Stuttering is one of the few constants in my life. My hair has changed, my clothes have changed, my address has changed — but Nina’s Stutter is here to stay. It has never changed, and it probably never will. But the way I think and feel about it has changed.
I used to hate Nina’s Stutter. I was ashamed of it. I devoted the best parts of my youth to fighting it, instead of doing what made me feel happy and productive. The more I missed out on life, the more I blamed Nina’s Stutter, doubling down my efforts to kill it. If only I were fluent, everything else would fall into place! I could speak freely. I could have boys ask me to prom. I could even follow my dreams and be a stand-up comic. All I had to do was stop stuttering!
When I write it down, it seems so ridiculous. How can some pauses and a few extra syllables take control of a person’s entire life?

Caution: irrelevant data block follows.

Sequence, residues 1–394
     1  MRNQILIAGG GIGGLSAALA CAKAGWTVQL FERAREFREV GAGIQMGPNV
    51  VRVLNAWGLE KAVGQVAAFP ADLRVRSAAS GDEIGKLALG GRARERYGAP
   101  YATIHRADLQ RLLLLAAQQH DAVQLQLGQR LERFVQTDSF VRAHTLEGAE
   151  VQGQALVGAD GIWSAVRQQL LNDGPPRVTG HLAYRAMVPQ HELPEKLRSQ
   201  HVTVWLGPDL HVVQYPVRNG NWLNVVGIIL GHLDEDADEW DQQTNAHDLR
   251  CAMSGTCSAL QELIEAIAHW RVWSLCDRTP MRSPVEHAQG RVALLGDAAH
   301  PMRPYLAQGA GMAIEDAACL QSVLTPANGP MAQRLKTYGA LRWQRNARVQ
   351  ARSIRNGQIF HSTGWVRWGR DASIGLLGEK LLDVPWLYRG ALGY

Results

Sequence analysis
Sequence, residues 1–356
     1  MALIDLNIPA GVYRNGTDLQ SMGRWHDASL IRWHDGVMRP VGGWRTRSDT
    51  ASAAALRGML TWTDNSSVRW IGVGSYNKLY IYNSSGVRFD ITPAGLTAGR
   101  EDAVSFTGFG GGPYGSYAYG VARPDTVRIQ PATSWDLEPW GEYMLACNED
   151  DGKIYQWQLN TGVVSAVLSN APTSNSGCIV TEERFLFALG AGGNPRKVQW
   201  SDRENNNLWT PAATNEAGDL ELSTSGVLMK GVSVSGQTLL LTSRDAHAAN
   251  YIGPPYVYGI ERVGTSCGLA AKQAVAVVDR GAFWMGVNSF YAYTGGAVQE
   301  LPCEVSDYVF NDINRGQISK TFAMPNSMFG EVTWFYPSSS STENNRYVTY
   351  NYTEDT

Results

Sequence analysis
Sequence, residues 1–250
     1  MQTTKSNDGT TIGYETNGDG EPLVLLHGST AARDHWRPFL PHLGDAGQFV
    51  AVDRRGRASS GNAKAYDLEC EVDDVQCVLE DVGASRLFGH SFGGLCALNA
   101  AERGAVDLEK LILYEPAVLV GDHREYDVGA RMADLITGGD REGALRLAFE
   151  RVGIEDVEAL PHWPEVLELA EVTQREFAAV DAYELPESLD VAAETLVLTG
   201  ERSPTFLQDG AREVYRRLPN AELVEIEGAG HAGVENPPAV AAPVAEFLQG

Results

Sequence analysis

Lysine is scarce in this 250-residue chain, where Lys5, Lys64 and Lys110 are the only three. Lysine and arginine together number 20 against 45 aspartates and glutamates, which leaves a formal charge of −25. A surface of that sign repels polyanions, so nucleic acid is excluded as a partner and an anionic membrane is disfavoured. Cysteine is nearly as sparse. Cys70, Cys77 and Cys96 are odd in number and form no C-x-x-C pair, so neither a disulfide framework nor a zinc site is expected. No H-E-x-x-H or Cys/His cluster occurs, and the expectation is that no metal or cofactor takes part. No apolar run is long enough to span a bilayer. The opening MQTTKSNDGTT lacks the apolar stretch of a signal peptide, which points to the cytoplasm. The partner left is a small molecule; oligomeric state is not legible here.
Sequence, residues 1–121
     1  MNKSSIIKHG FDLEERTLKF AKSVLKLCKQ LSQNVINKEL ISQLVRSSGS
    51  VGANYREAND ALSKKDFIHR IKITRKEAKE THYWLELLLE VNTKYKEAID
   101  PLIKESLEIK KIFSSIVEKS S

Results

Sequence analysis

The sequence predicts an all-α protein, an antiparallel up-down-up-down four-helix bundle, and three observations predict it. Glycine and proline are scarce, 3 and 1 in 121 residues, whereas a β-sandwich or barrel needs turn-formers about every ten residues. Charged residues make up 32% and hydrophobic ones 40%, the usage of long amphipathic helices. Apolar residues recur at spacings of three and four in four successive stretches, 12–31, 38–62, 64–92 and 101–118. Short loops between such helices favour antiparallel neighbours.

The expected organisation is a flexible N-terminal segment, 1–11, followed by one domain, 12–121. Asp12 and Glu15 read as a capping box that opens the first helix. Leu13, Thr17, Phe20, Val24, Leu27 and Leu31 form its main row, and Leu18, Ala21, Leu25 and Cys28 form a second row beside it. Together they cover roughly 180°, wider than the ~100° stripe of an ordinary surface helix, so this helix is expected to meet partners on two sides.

That question became a point of focus for Joseph Sheehan, a clinical researcher and psychologist. Throughout his career, he observed that stuttering was typically more disruptive to a person’s emotional wellbeing than it was to their actual speech. In Stuttering: Research and Therapy (1970), Sheehan writes that “stuttering is like an iceberg, with only a small part above the waterline and a much bigger part below.” According to Sheehan, what most people think of as “stuttering” is only the tip of iceberg — the outwardly observable symptoms on the surface. But the emotional baggage that comes with it — the invisible pain underneath — that’s where the bulk of the ice really is. Sheehan organized these murky, underwater emotions into seven categories: fear, denial, shame, anxiety, isolation, guilt, and hopelessness. According to Sheehan, as the stutterer resolves these issues, the negative emotions begin to “evaporate.” This in turn causes the “waterline” to lower, until, finally, all that remains is the physical stutter.